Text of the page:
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Old 6th August 2005, 05:01 AM   #7
cbm5 is offline cbm5  United States
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If someone came up with a preprogrammed microcontroller, then hey, some of the more obsessive among DIYers might invest the extra expense and effort and debugging time. But most of us realize that we're not going to get a projector with all the bells and whistles, we'll just get a cheap projector. It's easy enough to remember to turn off the fan sometime after you turn off the light, and it's no major loss other than a few cents of power to leave the light on a couple extra hours. The only thing that could possibly damage an expensive component is the fan failure that results in a damaged LCD, and there are readily available products to monitor temperature and control fans. http://www.crazypc.com/Merchant2/mer...uct_Code=5220B

If you want to go all out, then no one's going to stop you...but DIY projectors have been around for years, microcontrollers have been around longer, and we haven't really seen many people make a controller. I'd say that if it was necessary, it would already be common.
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Old 6th August 2005, 06:11 AM   #8
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Quote:
Originally posted by cbm5
If someone came up with a preprogrammed microcontroller, then hey, some of the more obsessive among DIYers might invest the extra expense and effort and debugging time. But most of us realize that we're not going to get a projector with all the bells and whistles, we'll just get a cheap projector. It's easy enough to remember to turn off the fan sometime after you turn off the light, and it's no major loss other than a few cents of power to leave the light on a couple extra hours. The only thing that could possibly damage an expensive component is the fan failure that results in a damaged LCD, and there are readily available products to monitor temperature and control fans. http://www.crazypc.com/Merchant2/mer...uct_Code=5220B

If you want to go all out, then no one's going to stop you...but DIY projectors have been around for years, microcontrollers have been around longer, and we haven't really seen many people make a controller. I'd say that if it was necessary, it would already be common.

Very true...

The more I talk to folks... the more I realize.

What about this...

What if you could embed a controller into your projector that solved one simple problem?

For example... I was sitting in front of my PJ typing my last post, and listening to music on the PC I have hooked to it... Then... I realized I needed to go to the store to get cigarettes, and I said to myself... I WILL NOT leave the house if even for a minute with that projector running because who knows what will happen between the time I leave and the time I get back to turn it off? Its kinda like the IRON.... nowadays you dont have to worry about leaving your IRON on because someone embedded a timer in it so if it sits unused for X amount of time... it turns off by itself (unless you have a REALLY old IRON). Now... someone may say, "Well then just put a Timer on the Projector" and again Id say... "True.... that will work...very well... but when you start to try to add something that is more than simple on/off it gets complicated"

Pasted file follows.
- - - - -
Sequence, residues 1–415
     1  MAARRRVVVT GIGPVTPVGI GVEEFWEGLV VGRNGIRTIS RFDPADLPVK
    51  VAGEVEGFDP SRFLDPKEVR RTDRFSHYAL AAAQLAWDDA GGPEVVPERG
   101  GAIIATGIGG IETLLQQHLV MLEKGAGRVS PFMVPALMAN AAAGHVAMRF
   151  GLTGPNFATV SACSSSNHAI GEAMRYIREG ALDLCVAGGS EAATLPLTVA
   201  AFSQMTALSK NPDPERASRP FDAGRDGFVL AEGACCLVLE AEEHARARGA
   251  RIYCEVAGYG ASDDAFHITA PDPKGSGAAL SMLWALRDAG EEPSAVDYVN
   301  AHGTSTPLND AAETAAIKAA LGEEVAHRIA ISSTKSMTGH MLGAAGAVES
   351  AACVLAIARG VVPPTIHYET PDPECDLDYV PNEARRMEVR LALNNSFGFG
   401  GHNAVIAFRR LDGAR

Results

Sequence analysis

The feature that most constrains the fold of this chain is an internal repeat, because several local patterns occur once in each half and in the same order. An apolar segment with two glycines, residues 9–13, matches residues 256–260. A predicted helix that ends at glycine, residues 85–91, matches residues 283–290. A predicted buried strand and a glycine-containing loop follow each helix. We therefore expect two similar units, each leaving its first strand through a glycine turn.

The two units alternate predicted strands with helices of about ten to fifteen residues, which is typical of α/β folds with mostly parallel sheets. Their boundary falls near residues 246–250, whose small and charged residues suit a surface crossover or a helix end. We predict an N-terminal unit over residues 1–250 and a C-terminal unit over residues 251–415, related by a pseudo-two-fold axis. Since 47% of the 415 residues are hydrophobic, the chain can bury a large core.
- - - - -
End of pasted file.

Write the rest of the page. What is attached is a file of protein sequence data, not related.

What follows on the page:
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Old 6th August 2005, 06:26 AM   #9
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Ive GOT IT!!!!

Thanks folks!!!

What Im going to do is design the controller to use a motion detector as the "Reset" for the projector staying on! If there is no motion in the room for 2 hours... the projector will turn off.

Of course Ill use a Pet Sensitive Alarm system motion detector... I wouldnt want the pooch walking around when Im not here to keep the projector running...
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Old 6th August 2005, 06:53 AM   #10
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Why not just get that Honda robot to tend to the projector while you're at it? Or, you could try B-4, Data's (from Star Trek) surviving brother. He's kinda stupid, but I think he could handle it!

But seriously, your ideas are great and it's fortunate that you have PIC programming experience. PIC programming and even embedded Linux devices are things I've always wanted to start learning to add to my DIY capabilities. Maybe you'll share some tips for us inexperienced peeps when the time comes?
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Old 6th August 2005, 06:54 AM   #11
Mikey p is offline Mikey p  Canada
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Do you mean the projector light will turn off but the fans will stay running to cool it down?
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Old 6th August 2005, 02:42 PM   #12
tjh is offline tjh  United States
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Quote:
Originally posted by Luca Brazzi
Ive GOT IT!!!!

Thanks folks!!!

What Im going to do is design the controller to use a motion detector as the "Reset" for the projector staying on! If there is no motion in the room for 2 hours... the projector will turn off.

Of course Ill use a Pet Sensitive Alarm system motion detector... I wouldnt want the pooch walking around when Im not here to keep the projector running...

Sounds like a great idea, and I like all the other ones, but what happens when your watching a movie or something? wouldn't that be detected as motion?
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Old 6th August 2005, 03:24 PM   #13
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Quote:
Sounds like a great idea, and I like all the other ones, but what happens when your watching a movie or something? wouldn't that be detected as motion?